Now, DSHS says that the high positive rate was caused in part because of a computer error in the state’s reporting system.
While the state usually updates its COVID-19 statistics every day in the late afternoon or evening, DSHS did not report any new numbers on August 2 because of an upgrade to its reporting system.
The change reportedly increased the capacity of tests that the state could process in order to reduce the backlog experienced with the high number of tests processed in July.
After the change, the average number of tests processed per day plummeted from 61,000 on August 1 to a low 35,000 ten days later.
Though the number of reported tests had decreased, the number of positive cases remained fairly steady, causing the positivity rate to spike to an all-time high of 24.5 percent.
DSHS reportedly said that when the system was upgraded in early August, the digital files sent to DSHS from a private lab contained information that the system did not read.
On August 12, after the error was identified, the state added over 120,000 new tests, of which only 4.5 percent were positive.
The high number of negative tests caused the skyrocketing positivity rate to plummet, dropping from near 25 percent to 16 percent.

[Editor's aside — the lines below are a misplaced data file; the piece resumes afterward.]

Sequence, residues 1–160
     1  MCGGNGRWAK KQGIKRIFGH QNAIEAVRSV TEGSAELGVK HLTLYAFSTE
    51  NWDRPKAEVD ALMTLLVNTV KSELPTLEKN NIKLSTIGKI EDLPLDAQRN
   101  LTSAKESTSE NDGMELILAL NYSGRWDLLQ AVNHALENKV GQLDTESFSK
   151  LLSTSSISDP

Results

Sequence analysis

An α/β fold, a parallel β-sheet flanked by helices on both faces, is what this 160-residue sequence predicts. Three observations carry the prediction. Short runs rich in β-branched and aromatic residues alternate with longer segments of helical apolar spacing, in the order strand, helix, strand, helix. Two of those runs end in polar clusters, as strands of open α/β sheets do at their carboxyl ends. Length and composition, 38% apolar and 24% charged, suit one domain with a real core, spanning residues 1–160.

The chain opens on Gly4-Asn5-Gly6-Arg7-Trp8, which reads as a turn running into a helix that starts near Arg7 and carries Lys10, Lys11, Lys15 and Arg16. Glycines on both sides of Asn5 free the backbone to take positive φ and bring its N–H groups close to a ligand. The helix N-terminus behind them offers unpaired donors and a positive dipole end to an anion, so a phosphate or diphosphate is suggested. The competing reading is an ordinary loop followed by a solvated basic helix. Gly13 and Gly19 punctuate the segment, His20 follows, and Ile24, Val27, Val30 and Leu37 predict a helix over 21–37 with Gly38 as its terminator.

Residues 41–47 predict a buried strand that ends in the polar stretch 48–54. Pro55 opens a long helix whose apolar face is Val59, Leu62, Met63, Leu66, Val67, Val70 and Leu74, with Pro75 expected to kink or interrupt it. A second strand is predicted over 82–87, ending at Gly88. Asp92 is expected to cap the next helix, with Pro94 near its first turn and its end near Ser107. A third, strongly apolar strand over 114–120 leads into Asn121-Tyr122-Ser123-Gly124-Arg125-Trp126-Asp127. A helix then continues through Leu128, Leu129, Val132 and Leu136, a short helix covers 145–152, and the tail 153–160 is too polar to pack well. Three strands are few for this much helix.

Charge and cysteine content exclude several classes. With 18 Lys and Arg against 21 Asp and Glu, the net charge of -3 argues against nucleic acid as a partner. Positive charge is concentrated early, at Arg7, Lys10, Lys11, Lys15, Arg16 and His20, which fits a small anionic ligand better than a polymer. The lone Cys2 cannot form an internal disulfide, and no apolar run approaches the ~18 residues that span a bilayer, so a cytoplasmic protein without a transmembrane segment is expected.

Since then, the rate has leveled out even further to 11.3 percent, just slightly below its level in late July before the system update.
Prior to the spike, the positive rate had gone up with the surge of cases in June and July, but began declining from mid- to late-July.
At press conferences last week prior to the discovery of the error, Governor Greg Abbott said that a contributing factor to the high positive rate could be the decreased surge testing of coronavirus “hot-spots” and nursing homes.
Abbott said that in the coming weeks, “you should anticipate seeing another increase in the number of people being tested.”
The number of coronavirus-related hospitalizations, the hospitalization rate, and the number of active cases are continuing in a downward trend.
Data from DSHS last week showed that the number of COVID-19-related deaths had reached a high on July 14 before slowly declining, but updated data has moved the peak to July 22, which now shows a few higher number of deaths.
The weekly average of newly reported deaths has held about constant for the past ten days.
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Daniel Friend is a reporter for The Texan. He participated in a Great Books program at Azusa Pacific University and graduated in 2019 with a degree in Political Science. He has studied C.S. Lewis’s science fiction trilogy and in his spare time you might find him writing his own novel partly inspired by the series.